It will also slash spending on its network infrastructure and close down unprofitable operations, turning its focus on voice, data and Internet services.
More than 3,000 people are employed at WorldCom's UK offices in Reading and Cambridge, but WorldCom has not revealed how the cuts would be split between the sites.
The international arm of WorldCom secured funding from its parent until it returns to profit sometime in 2003, the company said. The funding should ease customer concerns and end speculation of a sale of the EMEA business, WorldCom spokeswoman Rachel Richards said.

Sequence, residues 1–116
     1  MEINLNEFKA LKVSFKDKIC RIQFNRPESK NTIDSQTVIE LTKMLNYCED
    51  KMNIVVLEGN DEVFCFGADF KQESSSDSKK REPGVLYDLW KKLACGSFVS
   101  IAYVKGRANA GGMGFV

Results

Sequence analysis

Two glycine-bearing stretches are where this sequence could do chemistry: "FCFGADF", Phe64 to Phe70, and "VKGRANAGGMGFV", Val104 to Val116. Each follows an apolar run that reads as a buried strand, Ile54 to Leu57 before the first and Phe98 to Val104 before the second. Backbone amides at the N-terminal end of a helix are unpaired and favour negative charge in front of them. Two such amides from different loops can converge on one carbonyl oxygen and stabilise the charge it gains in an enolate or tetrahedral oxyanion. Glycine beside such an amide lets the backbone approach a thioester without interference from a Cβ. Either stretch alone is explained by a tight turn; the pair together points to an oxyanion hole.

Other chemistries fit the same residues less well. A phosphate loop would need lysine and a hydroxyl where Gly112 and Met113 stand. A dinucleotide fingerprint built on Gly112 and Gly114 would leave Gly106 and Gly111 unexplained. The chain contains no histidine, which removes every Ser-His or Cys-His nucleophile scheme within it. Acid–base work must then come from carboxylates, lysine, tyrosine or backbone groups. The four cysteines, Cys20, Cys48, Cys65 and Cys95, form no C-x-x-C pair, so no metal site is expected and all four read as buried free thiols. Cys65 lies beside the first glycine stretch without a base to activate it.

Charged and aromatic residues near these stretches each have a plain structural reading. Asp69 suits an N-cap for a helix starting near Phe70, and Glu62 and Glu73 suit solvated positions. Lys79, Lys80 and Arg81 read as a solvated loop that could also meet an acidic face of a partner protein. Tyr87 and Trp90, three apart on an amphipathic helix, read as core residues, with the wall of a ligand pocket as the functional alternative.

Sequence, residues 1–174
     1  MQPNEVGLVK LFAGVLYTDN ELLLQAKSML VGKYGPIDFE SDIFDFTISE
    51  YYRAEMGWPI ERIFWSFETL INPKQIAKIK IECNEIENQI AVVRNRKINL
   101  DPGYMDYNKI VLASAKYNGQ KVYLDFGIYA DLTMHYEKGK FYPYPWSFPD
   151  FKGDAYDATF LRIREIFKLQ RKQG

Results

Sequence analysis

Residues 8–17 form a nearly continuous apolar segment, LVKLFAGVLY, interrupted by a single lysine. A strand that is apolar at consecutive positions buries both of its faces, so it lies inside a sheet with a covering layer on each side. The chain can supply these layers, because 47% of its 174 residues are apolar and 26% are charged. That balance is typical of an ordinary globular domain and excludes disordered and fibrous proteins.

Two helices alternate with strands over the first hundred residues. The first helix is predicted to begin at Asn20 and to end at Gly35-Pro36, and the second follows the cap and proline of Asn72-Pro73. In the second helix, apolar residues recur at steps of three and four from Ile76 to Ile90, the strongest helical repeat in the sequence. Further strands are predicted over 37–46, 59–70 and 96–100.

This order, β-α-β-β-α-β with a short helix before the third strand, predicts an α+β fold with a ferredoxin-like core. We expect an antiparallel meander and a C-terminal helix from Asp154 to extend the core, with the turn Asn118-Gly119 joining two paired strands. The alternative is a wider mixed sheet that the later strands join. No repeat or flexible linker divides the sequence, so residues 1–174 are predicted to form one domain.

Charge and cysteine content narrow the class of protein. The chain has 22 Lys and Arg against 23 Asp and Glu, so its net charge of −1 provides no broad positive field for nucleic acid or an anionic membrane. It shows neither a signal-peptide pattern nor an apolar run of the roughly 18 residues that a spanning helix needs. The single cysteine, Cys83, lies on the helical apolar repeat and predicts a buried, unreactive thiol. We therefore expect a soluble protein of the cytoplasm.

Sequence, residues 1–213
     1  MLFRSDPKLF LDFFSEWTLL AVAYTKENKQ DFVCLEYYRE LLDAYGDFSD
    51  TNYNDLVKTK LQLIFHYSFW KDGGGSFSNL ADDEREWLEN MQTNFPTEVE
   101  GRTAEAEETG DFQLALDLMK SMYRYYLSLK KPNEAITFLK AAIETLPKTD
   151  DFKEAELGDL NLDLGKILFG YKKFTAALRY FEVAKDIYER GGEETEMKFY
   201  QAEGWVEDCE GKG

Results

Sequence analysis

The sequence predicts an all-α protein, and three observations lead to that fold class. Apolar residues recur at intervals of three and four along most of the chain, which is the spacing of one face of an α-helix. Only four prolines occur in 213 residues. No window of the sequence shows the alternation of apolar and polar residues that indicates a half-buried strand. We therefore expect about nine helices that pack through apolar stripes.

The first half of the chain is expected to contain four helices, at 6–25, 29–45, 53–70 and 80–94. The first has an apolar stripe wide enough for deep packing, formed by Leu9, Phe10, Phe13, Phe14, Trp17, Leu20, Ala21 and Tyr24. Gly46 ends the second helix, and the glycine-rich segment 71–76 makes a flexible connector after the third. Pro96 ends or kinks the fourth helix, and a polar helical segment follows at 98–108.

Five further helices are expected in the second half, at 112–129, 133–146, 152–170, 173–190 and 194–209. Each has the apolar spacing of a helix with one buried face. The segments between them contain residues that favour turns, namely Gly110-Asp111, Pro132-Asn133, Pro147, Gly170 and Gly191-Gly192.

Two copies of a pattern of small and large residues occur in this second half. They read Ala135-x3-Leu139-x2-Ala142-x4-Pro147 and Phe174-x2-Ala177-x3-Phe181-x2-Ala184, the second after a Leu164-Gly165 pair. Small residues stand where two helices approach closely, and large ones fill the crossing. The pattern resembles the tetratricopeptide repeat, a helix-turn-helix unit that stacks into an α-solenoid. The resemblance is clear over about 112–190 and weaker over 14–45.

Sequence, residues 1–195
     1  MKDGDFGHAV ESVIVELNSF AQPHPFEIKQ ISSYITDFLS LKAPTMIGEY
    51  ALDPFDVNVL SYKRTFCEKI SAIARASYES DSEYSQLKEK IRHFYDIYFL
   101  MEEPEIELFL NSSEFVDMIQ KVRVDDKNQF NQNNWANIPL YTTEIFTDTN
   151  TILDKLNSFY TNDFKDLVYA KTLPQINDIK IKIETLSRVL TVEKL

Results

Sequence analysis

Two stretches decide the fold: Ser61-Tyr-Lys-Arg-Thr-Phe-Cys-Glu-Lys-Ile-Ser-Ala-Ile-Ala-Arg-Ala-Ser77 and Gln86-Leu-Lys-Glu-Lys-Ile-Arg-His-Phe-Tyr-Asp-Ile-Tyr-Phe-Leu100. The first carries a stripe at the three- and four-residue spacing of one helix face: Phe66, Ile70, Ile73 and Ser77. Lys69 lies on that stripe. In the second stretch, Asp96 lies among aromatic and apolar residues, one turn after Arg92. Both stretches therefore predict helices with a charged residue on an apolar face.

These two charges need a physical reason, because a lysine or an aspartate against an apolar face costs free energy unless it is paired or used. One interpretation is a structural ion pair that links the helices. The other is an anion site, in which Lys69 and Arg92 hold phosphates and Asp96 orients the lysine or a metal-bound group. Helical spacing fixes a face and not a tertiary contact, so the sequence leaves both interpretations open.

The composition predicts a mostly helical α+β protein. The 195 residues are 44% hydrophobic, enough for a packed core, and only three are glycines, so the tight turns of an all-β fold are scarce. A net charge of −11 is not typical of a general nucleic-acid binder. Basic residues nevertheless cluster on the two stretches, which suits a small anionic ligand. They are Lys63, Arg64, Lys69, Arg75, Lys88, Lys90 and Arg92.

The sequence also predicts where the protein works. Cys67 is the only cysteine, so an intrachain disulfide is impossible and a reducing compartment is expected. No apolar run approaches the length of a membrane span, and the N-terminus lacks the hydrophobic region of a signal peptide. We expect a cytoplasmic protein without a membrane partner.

"The funding is very comforting for the European operation," she said, adding that the company is not seeing "any significant customer loss" in Europe and is, in fact, adding new customers.
Richards could not specify the "unprofitable niche products" WorldCom will discontinue, but stressed that the restructuring does not mean WorldCom will pull out of any geographic region.
WorldCom filed for bankruptcy protection in July after revealing that it had accounted improperly for billions of dollars in revenue. Several of its former executives have been indicted on securities fraud and other charges. It is hunting for a chief executive officer to replace John Sidgmore, who was named president and CEO in April.